It took a massive injury for me to realize my life’s goal is to end the suffering and increase and prolong the quality of life of others. I can never pay back the gift Dr. Spine gave me, but I can pay it forward. More, from my teacher’s assistant position, I’ve felt the intense motivation and reward of helping others. It’s a fuel that will carry me through my entire professional life. The neurology program at Harvard Medical School is the ideal place to temper that passion into the skill to bring my dream of helping others to fruition. Harvard’s legendary program and faculty have the skill to re-form my raw passion and ability into the skilled surgeon I know I can become. I’ll likely never take an unecessary risk again, but with persistence and with your help, I’ll build the expertise to help others who’ve been broken in some way, to make as dramatic a recovery as I have made.

That personal statement example works because it comes full-circle to your letter’s hook. In short, it shows where you can take your life, if they’ll only let you in. It conveys a burning desire to help others. As a bonus, it explains that a poor choice made in your younger years will not repeat.

Ending a personal statement is like ending a cover letter. Read more:Best Ways to End a Cover Letter

5. Answer the questions they ask

One caveat—don’t get too caught up in the tale of your own passion right away. If they ask questions in the personal statement assignment on the application form, answer them. One of the biggest mistakes on college applications is failing to answer the stated questions.

The good news? You can use their questions to find the focus of your statement. Don’t see application questions as restrictive. See them as guidance to help narrow down your options.

6. Freewrite before you write

“But I don’t have a driving passion!” Yes, you do. Otherwise you wouldn’t be on this path. To find it—spend a few days journaling. Most people didn’t go into medicine or law because they broke their neck or lost their home in a foreclosure. That’s okay! Trust me, you have worthwhile dreams and career goals.

The problem? You don’t know why you have your goals yet, because you haven’t analyzed it. So—spend a few days digging into why. Journal it. Freewrite it. Why do you want this education so badly? Spending a few mornings at this will focus your thoughts. That’ll save you hours or days when it’s time to write your personal statement.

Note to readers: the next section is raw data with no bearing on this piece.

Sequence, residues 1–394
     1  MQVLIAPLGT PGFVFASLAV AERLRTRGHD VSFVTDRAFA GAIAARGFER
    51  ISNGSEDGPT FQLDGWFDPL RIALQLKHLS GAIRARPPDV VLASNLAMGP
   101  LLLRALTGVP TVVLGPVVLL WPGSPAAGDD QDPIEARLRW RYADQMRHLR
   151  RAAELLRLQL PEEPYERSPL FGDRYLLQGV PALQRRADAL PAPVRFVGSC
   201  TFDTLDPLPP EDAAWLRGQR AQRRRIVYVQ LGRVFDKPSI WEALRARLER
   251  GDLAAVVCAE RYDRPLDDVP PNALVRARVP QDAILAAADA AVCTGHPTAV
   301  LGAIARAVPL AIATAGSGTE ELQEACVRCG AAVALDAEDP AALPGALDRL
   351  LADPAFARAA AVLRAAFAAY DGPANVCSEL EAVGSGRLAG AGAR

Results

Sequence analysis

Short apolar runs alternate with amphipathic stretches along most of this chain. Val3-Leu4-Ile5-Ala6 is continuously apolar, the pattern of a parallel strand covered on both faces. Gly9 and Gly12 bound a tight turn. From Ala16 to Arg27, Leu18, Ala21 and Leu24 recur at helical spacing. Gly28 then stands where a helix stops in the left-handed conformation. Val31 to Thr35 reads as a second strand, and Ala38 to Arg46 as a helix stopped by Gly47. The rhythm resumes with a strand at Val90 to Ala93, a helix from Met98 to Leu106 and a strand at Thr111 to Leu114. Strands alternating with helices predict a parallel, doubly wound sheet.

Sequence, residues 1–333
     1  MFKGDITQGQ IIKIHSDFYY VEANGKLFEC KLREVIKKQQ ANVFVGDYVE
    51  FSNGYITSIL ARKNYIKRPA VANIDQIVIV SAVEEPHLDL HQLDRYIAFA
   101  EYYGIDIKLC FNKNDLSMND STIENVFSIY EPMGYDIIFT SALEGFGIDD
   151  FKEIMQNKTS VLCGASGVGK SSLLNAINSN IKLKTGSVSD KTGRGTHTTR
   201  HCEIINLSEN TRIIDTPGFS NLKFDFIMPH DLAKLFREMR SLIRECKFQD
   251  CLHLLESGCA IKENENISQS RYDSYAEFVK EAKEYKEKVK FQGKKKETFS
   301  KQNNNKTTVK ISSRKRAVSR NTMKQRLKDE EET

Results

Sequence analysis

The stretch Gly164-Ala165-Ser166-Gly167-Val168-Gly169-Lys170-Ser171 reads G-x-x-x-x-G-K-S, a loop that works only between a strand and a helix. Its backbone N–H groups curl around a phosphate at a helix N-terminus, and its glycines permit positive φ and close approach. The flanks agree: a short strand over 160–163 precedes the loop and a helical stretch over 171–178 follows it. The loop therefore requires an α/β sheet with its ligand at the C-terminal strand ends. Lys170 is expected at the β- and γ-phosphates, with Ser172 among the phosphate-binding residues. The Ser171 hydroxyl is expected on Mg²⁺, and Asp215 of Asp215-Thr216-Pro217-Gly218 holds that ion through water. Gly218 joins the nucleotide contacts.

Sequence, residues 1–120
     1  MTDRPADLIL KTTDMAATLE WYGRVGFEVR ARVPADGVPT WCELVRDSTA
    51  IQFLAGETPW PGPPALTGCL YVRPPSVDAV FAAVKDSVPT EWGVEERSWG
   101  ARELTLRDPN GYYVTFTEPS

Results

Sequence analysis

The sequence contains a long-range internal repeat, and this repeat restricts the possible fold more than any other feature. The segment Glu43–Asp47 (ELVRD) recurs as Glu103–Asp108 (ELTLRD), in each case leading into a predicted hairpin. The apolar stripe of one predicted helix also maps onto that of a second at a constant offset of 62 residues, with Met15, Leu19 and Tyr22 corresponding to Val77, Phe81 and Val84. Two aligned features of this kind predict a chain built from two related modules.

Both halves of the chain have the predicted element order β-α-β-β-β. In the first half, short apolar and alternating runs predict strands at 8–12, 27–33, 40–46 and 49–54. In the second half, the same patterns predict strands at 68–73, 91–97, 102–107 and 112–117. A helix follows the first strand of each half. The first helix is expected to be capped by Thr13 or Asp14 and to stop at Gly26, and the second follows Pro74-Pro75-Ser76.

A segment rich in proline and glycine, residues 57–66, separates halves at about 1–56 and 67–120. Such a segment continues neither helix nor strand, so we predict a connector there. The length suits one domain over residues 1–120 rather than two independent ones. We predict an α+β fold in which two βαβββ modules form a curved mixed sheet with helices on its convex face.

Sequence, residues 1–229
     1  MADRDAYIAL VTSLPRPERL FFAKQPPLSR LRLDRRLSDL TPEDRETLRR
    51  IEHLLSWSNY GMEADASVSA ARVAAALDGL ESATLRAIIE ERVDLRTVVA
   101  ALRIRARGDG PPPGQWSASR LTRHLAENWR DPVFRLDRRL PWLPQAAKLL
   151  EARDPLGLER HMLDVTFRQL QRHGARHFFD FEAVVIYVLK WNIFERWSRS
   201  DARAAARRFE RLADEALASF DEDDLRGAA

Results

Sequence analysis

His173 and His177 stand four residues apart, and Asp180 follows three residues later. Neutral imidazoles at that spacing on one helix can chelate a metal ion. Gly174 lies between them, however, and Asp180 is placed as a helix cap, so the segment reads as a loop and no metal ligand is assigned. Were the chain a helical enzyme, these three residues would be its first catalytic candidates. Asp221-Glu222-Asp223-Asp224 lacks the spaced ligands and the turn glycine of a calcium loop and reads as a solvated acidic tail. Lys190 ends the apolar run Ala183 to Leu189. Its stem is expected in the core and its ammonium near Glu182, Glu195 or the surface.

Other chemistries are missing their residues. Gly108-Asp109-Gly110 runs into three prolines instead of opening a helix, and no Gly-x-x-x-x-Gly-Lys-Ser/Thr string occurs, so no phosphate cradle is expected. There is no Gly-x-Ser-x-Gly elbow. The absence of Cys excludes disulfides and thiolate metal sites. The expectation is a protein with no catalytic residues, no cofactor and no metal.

Pro Tip: Don’t kill yourself freewriting. Do it in short, frequent bursts. Journal for 10 minutes in short morning, afternoon, and evening sessions, or whenever you find time.

7. Research the school

Oh-oh. Your personal statement for college failed. What went wrong? You didn’t know what the school wants in their perfect student. That blunder cost you a slot, because you told them you have all the wrong skills. Or you said you want to build the skills they don’t know how to teach.

The solution? Know before you go. Look into their curriculum. What do they excel at? What can they teach you? What do you already know that will help you shine after they let you in? How can you tie those things to your personal story? The answers to these questions are your passkey through admissions.

Key Takeaway

When writing a personal statement, remember to:

  • Use a personal statement template so you don’t have to start from scratch.
  • Think hard about your passion. Why do you want this career so much?
  • Start your statement with a hook that draws the reader in.
  • Tell the story of your driving force. That will prove to the admissions team you have the strength to make it through the long, hard years of work ahead.
  • Tie your skills and achievements to your story. What have you accomplished so far in your education that will help you if they let you in?
  • Add the things the school can teach you. How can you connect their curriculum to your personal story of drive and passion?
  • End your personal statement by coming full circle to your hook.

Plus, a great cover letter that matches your resume will give you an advantage over other candidates. You can write it in our cover letter builder here. Here’s what it may look like:

matching set of resume and cover letter

Questions? Concerns? We’re here for you. If you still have questions about how to write a personal statement for college that lands the interview, drop me a line in the comments.

Resume Header: 3+ Best Heading Examples

Your resume header may seem insignificant, but it’s actually one of the most important parts of your resume. Get yours right with our example resume headers and in-depth breakdown.

An image showing two resume headers

A resume header is one of the most basic things to put on your resume. However, it’s also one of the most important.

Your header is the very first thing a hiring manager will see on your resume. So it needs to look professional, match your cover letter header, and quickly convey your contact information.

If you aren’t sure where to begin, don’t worry. We have examples of various resume headers, and tips to help you format your own.

Resume header examples

Before choosing a resume header, consider the level of formality required for the job you want, as well as the layout of your resume.

Think about it: is the job you’re applying for professional or casual? Does your resume design need to be creative or traditional?